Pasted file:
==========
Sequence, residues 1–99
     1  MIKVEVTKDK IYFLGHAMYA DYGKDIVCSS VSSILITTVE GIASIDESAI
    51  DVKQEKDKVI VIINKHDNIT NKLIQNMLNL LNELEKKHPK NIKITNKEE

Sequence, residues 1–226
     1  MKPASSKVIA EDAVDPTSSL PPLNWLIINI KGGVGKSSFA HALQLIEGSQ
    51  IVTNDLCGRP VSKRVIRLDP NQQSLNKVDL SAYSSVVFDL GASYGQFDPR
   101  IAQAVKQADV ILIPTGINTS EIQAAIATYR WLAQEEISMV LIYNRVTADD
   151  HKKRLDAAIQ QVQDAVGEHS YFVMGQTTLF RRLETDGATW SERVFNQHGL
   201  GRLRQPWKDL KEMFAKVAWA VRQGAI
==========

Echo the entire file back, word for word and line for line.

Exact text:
Sequence, residues 1–99
     1  MIKVEVTKDK IYFLGHAMYA DYGKDIVCSS VSSILITTVE GIASIDESAI
    51  DVKQEKDKVI VIINKHDNIT NKLIQNMLNL LNELEKKHPK NIKITNKEE

Sequence, residues 1–226
     1  MKPASSKVIA EDAVDPTSSL PPLNWLIINI KGGVGKSSFA HALQLIEGSQ
    51  IVTNDLCGRP VSKRVIRLDP NQQSLNKVDL SAYSSVVFDL GASYGQFDPR
   101  IAQAVKQADV ILIPTGINTS EIQAAIATYR WLAQEEISMV LIYNRVTADD
   151  HKKRLDAAIQ QVQDAVGEHS YFVMGQTTLF RRLETDGATW SERVFNQHGL
   201  GRLRQPWKDL KEMFAKVAWA VRQGAI